Three women shared stories about their encounters with racism and how they overcame the incidents as part of the 1619 Voices Project.

Three women shared stories about their encounters with racism and how they overcame the incidents as part of the 1619 Voices Project.

Remembering oral histories adds to our collective memory of slavery. Vernon Butler, from Flushing, Michigan, told us how his great-great-grandmother and her children escaped slavery in Mississippi.
USA TODAY
Talking about racism is important precisely because doing so makes us uncomfortable. When people share their experience with racism and hate, it helps us understand each other better and brings us closer to conceptualizing a more accurate version of our countrys history.
As part of USA TODAYs 1619 Project, we collected personal stories from readers.
The final installment of USA TODAYs 1619 Voices Project features three women who told us about their encounters with racism, and how they confronted and overcame it. In one instance, a reader told us how she learned about hateful crimes committed by her white ancestors.
Were telling their stories because we want to create a dialogue, helping people understand why we avoid talking about race, said USA TODAY Washington correspondent Deborah Barfield Berry.
We also want to show how confronting our discomfort can educate others and sometimes lead to healing, Berry said.
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Helen Owens, 57, of Banta, California, told us about how one instance of racism she experiences in childhood stayed with her for the rest of her life. It happened when a friends father said he didnt want his daughter to spend time with Helen anymore, because Helen is black.
That was the worst thing that ever happened to me, in terms of being a little girl and hearing for the first time that someone really didnt want me around because my color, Owens said.  Not because of my character, not because of the person I was, but because I was black.
Helen Owens, shown middle right, shared stories of growing up in Hunters Point, in San Francisco, CA. She’s pictured here at age 12.
 (Photo: Helen Owens)
Helen said she thinks people dont like to talk about painful experiences such as hers because theyd rather not acknowledge that racism exists in daily life.
People are afraid to talk about it because they dont want the issue to come up, Owens said. They dont want to be called out to say that I look at you different because of what you look like.
People can also make harmful assumptions based on race, like inferring that someone doesnt belong in a particular place.
Shelley Sumpter, 69, of Minneapolis, MN told us a story about how a woman assumed she and her family were in the wrong place due to their race. One day, when Shelleys family stopped to ask for directions on their way to the cemetery, a woman told them there were no black people buried there and that their family therefore couldnt be buried there.
St. Mary’s Cemetery, in Alexandria, MN, where Shelley Sumpter’s family is buried.
 (Photo: Shelley Sumpter)
When we got there to the cemetery, she was shocked when we went to place the flowers, Sumpter said.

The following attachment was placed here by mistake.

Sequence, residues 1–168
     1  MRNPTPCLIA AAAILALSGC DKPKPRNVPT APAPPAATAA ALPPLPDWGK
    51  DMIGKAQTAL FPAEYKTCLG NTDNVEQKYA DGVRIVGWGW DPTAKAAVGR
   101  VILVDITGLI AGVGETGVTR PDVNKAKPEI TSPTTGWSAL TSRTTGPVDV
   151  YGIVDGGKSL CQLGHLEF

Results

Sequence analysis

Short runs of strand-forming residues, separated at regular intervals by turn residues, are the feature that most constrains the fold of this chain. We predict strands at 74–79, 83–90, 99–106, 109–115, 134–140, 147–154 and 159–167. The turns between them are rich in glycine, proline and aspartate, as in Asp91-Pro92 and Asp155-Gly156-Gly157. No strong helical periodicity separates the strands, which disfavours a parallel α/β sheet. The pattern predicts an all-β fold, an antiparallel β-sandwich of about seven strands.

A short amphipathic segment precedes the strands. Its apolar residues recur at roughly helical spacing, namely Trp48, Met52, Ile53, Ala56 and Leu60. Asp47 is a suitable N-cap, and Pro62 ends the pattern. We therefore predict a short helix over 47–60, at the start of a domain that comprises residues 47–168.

Shelley told us that even though the woman wasnt kind to her at first, Shelley waited for her to see that she was wrong. Now, the two families are friends and keep in touch. Shelley said the woman and her husband place flowers on the graves belonging to Shelleys ancestors when she and her family cant make the trip.
To show that were not forgotten, Sumpter said.
Another reader learned how her white ancestor upheld the peonage system in early 20th century Georgia. When Mary Garvey, 71, of Long Beach, Washington learned that she is related to John S. Williams, an infamous murderer of black fieldhands, she wondered why her family never talked about it and felt ashamed.
Now, Garvey says its her obligation to make sure shes honest about the true version of her familys history.
Sometimes you have to open up wounds to actually let the sunlight in, so the healing can at least start
Garvey tries to grapple with her familys past and with the countrys past as a whole. She tries to recognize the land that Americans took from Native Americans and wants to see more people acknowledge painful truths like her own family story.
Helen Owens also says that people need to turn toward themselves so that a national healing process can begin.
When people understand or theyre able to understand who they really are, not just from the outside, but form the inside, we all do better, Owens said.
When we share stories about ourselves and our pasts, we get closer to understanding a truer and more accurate version of countrys history.
To hear the full audio story featuring Mary Garvey, Helen Owens, and Shelley Sumpter, click here. 
In 2020, reparations are one way that people say we can acknowledge harmful truths about our past deeds. To learn more about the debate over reparations and the steps some groups are taking, read Deborah Barfield Berrys story about reparations, Antigua, and Brown University.
Find more stories from USA TODAYs 1619 project at 1619.usatoday.com. For more black history content in February and beyond, visit the page at blackhistory.usatoday.com.
Read or Share this story: https://www.usatoday.com/story/news/black-history/2020/02/21/three-womens-personal-stories-helping-re-tell-black-history/4793577002/

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